Interview with Evamarie Hernandez

Evamarie Hernadez Evamarie Hernandez is a certified Professional Healthcare Instructor and Phlebotomy Program Coordinator at National American University. She is also a Medical Laboratory Technician at Colorado Springs Health Partners. A human rights and social action advocate, Eva has been a guest speaker at Pima Medical Institute and TESSA. You can connect with her on Linkedin or Twitter.

What is your background and how did you decide that you wanted to begin a career in healthcare?

My background really started in a lot of social service organizations such as TESSA which is the local domestic violence and sexual assault prevention center and then I also did some work for 211 which kind of connects people with the needs that they have and the organizations that provide answers for that and for some reason it just progressed that I continued to do social service. Health has always fascinated me. So I enrolled as a medical assistant student and it went from there.

It does seem that you have been on an incredible journey in the healthcare field. Did you have any specific goals in mind when you originally set out to become a medical assistant?

I think my goal has always been and always will be just to help people in any way that I can and that social service background has helped me in the healthcare field because we do hear a lot of the woes of our patients and I’ve been able to tell them all there’s this organization or this service that may be able to help you out and to provide them not just with their healthcare needs but also meet some other needs that they have. As far as goals, I think it’s always kind of been a fluid journey. I allow it to progress and see where I’m pointed to. I kind of follow my intuition. So the goal has just always been to help.

What qualifications did you have to become an MA and where did you originally train to become that?

Everest College was where I attended and they needed you to have, of course be 18 or over, and to have a GED or high school diploma, which I did not have. So I needed to get my GED very quickly to be able to enrol in the class as a medical assistant!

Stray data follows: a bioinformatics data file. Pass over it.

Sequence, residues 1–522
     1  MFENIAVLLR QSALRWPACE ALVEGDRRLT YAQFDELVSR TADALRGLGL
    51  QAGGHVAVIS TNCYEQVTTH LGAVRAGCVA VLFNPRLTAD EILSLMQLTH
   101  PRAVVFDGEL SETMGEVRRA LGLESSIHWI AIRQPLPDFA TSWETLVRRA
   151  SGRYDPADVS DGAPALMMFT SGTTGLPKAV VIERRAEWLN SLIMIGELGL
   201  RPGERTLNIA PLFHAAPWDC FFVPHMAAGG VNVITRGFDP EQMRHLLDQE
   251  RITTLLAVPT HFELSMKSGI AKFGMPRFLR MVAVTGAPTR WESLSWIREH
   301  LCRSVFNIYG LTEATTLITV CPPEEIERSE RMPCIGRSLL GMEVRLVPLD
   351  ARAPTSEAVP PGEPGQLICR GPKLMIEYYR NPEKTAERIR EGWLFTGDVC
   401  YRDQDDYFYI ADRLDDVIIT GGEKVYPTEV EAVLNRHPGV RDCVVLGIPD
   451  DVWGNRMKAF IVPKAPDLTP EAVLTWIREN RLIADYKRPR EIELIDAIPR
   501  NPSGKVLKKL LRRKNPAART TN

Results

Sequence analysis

What advice would you offer to those individuals who may be thinking of pursuing a career in medical assisting and what should they look for when choosing a training program?

I think the first thing is to educate yourself on the financial aid, how that works and what happens after you graduate. You need to know what the training programs are offering specifically and what their accreditation is. Because if you decide to further your education afterwards you want to know that you’re going to get some credit for what you’ve already done. But it’s hard work and it’s demanding. There is a lot of MA programs out there so they’re putting a lot of MAs out into the field, so what you bring to the table, always bring something that is genuine that’s going to make you stand out.

What aspect of being an MA did you find the most rewarding?

I have to say that it would be my patients. I mean if you are truly caring for one patient at a time and not thinking about “I got ten more waiting” because the one in front of you in the most important. And being open. They teach you things, you know, you learn things from them and I think that they have always been the most rewarding part of my job.

When you were working as an MA, how would you describe your typical duties and how much of your work was say administrative as opposed to the clinical side of it?